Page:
Tuesday, 26 March 2013

Opinions - Is The Photographer Right or The Critic?

This image that I posted to my stream a short time ago is of the lovely and talented +Coral Jade a street performer, model and niche arts manufacturer who is currently in Melbourne and has worked all over Australia.

Taken using the street lighting on Melbourne's Southbank it shows Coral posing in a break between performances.

After posting this to my stream I noticed I had a critic - I don't mind that in the slightest, I'm always interested to hear what other people say even if their comments are harsh. It helps me to grow as a photographer.

In this case the response was that her colouring was off and that I had cut off an entire hand and her toes and that the background was far too busy and the image wasn't sharp. This person felt I should also have had Coral move to get rid of the background hoops and also do something with the white balance to counter the street lighting.

I thought about these things for a while and decided that I would not have changed my approach in this case. I wasn't shooting Coral the model, I was shooting Coral the street performer. This was an non arranged and unrequested pose that she decided to throw in at the end of a performance for the benefit of the photographers who were on the photowalk I'd organised. A really nice gesture to the people there and one that caused a few extra dollars to land in her buskers box.

In shooting the performer, I wanted to show what she was performing with - the hoops. Some of her shots involved all of them. I was capturing a moment that I had seen with the performance, the lighting and the feel of the river reflections and Melbourne in the background. The shot encompasses exactly what I wanted.

Does this make the critic wrong? No it doesn't, but their criticism was based on the thoughts of someone who was not there and has a different image intent to mine. I wanted to convey the moment. He wanted a model shoot with hoops. Could they ahieve the same result? Not in a million years. A studio image would have been bland in comparison. It would show a girl with some hoops - not a performer who has just finished a show and is playing up to her audience with a brilliant smile.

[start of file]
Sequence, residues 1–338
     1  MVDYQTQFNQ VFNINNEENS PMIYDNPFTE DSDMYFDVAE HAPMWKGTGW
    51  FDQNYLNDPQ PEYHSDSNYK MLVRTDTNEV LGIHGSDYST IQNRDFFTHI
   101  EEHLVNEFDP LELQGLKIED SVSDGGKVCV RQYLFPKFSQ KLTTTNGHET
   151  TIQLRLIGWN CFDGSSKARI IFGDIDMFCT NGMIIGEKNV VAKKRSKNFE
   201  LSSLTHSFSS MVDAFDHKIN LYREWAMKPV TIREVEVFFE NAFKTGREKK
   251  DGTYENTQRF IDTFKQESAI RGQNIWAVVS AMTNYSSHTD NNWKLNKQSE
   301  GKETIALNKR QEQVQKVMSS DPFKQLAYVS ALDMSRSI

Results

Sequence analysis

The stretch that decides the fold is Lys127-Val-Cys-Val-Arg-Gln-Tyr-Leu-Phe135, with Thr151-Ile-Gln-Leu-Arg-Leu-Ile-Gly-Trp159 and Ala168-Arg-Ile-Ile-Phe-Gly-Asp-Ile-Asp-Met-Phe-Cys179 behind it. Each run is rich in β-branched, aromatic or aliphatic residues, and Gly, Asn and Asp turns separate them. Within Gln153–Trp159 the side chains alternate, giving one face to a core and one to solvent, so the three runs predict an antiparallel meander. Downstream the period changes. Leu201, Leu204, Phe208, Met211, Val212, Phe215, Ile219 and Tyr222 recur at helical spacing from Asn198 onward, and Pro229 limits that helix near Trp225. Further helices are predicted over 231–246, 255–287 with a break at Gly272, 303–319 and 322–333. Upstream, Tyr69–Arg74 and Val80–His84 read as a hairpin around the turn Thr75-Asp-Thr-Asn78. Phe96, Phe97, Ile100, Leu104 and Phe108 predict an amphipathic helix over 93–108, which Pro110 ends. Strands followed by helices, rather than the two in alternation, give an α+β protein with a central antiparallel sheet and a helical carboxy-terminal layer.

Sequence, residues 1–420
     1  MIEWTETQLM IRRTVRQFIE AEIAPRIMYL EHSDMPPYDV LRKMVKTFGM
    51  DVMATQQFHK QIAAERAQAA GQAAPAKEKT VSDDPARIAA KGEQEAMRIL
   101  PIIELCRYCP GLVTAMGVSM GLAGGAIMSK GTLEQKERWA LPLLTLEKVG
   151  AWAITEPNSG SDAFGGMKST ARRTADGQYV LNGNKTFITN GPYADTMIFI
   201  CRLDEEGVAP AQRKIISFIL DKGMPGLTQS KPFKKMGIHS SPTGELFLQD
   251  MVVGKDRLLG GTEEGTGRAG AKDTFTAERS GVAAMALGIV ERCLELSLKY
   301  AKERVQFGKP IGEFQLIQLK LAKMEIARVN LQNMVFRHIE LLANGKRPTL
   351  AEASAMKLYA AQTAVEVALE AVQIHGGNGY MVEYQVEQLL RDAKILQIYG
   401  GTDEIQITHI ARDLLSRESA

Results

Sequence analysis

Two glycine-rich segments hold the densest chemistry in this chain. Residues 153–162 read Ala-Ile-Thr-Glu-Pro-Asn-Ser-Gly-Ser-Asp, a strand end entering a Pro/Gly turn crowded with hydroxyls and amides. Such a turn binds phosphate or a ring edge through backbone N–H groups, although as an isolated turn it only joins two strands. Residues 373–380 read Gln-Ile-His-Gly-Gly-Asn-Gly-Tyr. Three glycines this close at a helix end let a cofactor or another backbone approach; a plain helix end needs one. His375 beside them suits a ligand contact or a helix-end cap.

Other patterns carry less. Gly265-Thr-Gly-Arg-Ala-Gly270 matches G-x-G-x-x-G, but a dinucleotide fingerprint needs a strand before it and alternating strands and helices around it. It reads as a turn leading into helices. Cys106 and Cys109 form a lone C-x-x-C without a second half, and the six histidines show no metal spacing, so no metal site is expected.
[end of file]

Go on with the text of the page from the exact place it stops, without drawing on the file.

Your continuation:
This morning another photographer posted an image of a model he had posed and requested critique. I posted that the image was good but that the lighting cut off one of her hands at the fingers which looked awkward. Another photographer posted some other comments about the focus and depth of field. We both wrote about what the image conveyed to us. Just after posting these, I reconsidered and posted another comment to ensure that the person who had requested the critique understood the most important message. That it does not matter what I or anyone else thinks of or feels about an image. It is what the photographer and the model feel that is important. They are the ones who shared the moment, only they know the magic that was exchanged. Photography is all about sharing and conveying a feeling. It doesn't matter what else is going on as long as the message gets across.

If you receive criticism of your images, think about it carefully and decide if it is important for you. Perhaps it is, perhaps it isn't. Be your own critic before you share. You are your own best critic.

There is an album of Coral's entire performance. If you see her performing by the river or up on Swanston St where she often is of a weekend night stop for a moment and invest a little of your life in her show. It's a fun spectacle to watch with considerable physical prowess and skill pulled off by a very attractive young woman. Remember that she makes her living from her audience so if you enjoy the experience drop whatever you're comfortable with.


  1. It is what the photographer and the model feel that is important. They are the ones who shared the moment, only they know the magic that was exchanged.


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  3. You're so right Paul. Each person sees something different in an image. Each opinion is equally valid and stands true to that individual. Critiquing can be a valuable easy of learning. As someone still very early in my photographic evolution, comments and critiques help me to grow. Sometimes it's a simple case of pointing out something I missed, other times it's validation of an artistic decision I made, and other times it is merely a suggestion of a direction I simply hadn't considered.

    One thing that it's important for us all to understand is that a photographer has a personal connection with a photo that's been posted. Approach with respect, consider the words you use, be thoughtful and honest, and your words will be heard. Being aggressive, offensive or down right rude is inappropriate.

  4. Thanks Rantz (Charles!)

    Fran - absolutely. Respect is what its all about.


I'll be pleased to read your constructive comments and respond